‘Polluters Must Pay’: UN Chief Calls for Windfall Tax on Fossil Fuel Profits to Address Climate and Cost-of-Living Crises
UN Secretary-General António Guterres issued a bold proposal during his opening remarks to the UN General Assembly on Tuesday: tax fossil fuel companies to help those suffering from the climate and cost-of-living crises.
Guterres’ proposal, also known as a windfall tax, comes at the close of a summer that saw extreme weather events worldwide and record fossil-fuel profits following Russia’s invasion of Ukraine.
“[T]he fossil fuel industry is feasting on hundreds of billions of dollars in subsidies and windfall profits while household budgets shrink and our planet burns,” Guterres said, according to a UN transcript of his speech.
Guterres specifically called on developed nations to tax fossil fuel companies’ windfall profits. While ordinary people have dealt with rising prices at the gas pump and escalating heating bills, major energy companies have enjoyed record profits since Russia’s invasion of Ukraine prompted an energy shortage, as AP News noted. ExxonMobil announced a record quarterly profit of $17.8 billion in July and Chevron a record three-month profit of $11.6 billion, according to The Guardian.
Guterres was also clear on how the tax should be used.
“Those funds should be re-directed in two ways: to countries suffering loss and damage caused by the climate crisis; and to people struggling with rising food and energy prices,” he said.
“Loss and damage” has been a sticking point at international climate negotiations. It refers to the idea that wealthier nations that have done more to contribute to the climate crisis historically should pay for the harm caused to developing nations that have not emitted nearly as many greenhouse gases. The issue is expected to be a major talking point at the upcoming COP27 climate conference in Sharm El-Sheikh, Egypt, but richer countries have already been accused of scuppering the discussion at preliminary talks in Bonn, Germany this June.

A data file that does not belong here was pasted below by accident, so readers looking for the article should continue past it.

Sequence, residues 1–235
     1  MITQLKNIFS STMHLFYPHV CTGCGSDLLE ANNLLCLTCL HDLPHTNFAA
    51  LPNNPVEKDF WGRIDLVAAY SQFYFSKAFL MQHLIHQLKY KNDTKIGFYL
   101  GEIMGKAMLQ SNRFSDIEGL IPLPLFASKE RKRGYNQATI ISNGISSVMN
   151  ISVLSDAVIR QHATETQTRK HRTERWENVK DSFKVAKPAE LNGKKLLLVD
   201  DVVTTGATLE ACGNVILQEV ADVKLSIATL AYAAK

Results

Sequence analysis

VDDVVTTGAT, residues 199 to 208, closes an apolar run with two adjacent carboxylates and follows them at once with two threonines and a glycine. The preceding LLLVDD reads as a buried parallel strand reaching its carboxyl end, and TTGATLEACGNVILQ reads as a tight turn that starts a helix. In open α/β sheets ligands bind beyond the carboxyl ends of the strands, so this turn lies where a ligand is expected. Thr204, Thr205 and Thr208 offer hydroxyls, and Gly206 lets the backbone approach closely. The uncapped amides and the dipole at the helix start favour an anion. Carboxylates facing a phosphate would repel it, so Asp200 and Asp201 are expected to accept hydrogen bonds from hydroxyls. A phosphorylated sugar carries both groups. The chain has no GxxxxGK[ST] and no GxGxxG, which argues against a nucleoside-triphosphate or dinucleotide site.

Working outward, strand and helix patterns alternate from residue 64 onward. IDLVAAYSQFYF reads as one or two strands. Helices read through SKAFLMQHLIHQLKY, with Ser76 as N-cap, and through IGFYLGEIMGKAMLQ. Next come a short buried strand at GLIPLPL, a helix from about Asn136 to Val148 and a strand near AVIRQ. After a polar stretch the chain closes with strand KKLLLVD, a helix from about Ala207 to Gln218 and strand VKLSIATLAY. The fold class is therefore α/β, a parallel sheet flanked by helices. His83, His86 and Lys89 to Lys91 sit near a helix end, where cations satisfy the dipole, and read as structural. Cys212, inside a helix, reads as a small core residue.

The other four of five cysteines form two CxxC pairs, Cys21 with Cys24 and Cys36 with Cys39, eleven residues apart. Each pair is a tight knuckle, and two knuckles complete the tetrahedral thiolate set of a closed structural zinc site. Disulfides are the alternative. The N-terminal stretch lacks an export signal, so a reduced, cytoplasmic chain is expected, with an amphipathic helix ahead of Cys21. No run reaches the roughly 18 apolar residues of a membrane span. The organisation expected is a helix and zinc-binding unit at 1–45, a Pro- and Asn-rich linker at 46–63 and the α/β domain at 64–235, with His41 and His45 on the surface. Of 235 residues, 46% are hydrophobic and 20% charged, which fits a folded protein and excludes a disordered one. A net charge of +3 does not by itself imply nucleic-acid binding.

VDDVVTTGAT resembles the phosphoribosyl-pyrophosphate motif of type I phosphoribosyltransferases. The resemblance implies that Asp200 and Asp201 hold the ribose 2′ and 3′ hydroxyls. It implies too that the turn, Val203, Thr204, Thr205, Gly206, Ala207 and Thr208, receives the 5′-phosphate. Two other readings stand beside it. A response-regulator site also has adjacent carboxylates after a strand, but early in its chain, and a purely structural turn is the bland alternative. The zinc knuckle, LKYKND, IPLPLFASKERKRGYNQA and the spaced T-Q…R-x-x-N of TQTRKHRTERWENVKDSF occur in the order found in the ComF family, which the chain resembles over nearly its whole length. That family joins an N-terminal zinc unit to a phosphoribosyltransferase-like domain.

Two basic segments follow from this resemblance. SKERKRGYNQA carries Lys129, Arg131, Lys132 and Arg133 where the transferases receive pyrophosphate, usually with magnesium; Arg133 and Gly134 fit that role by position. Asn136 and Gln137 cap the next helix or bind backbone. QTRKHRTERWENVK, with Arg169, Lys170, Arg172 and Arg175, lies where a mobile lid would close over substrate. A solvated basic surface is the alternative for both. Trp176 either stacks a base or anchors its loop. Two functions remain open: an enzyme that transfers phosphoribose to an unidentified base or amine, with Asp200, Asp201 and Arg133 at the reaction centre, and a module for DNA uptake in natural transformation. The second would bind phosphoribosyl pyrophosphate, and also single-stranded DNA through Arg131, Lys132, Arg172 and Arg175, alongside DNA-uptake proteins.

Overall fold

The issue is ever more relevant following devastating flooding in Pakistan that left a third of the country underwater and was most likely worsened by human-caused climate change.
“If we in Pakistan are responsible for less than 1% of (carbon) emissions, why must we carry the costs of this devastation?” Pakistani climate scientist Fahad Saeed asked in an email to AP News.
Asking developed countries to finance loss and damage by taxing the fossil fuel industry might be a way to rally richer and poorer nations around a common enemy. However, it may not be as politically feasible in every wealthy nation. The UK has already approved a 25 percent windfall tax on North Sea oil-and-gas production, Reuters reported. Further, the EU plans to tax oil companies and electricity generators to the tune of more than 140 billion euros directed towards struggling consumers. But in the U.S., the idea would have a hard time passing in both the House and the Senate. Outside experts noted that Guterres has moral authority but no power to shape the decisions of UN member countries.
“Fiscal policy for major economies is generally not made at the United Nations,” longtime international climate negotiator Nigel Purvis of Climate Advisers told AP News.
Still, Guterres made a strong statement just a week after internal documents revealed that oil and gas companies are still lying about their commitment to reducing emissions.
“[I]t is high time to put fossil fuel producers, investors and enablers on notice,” Guterres said. “Polluters must pay.”
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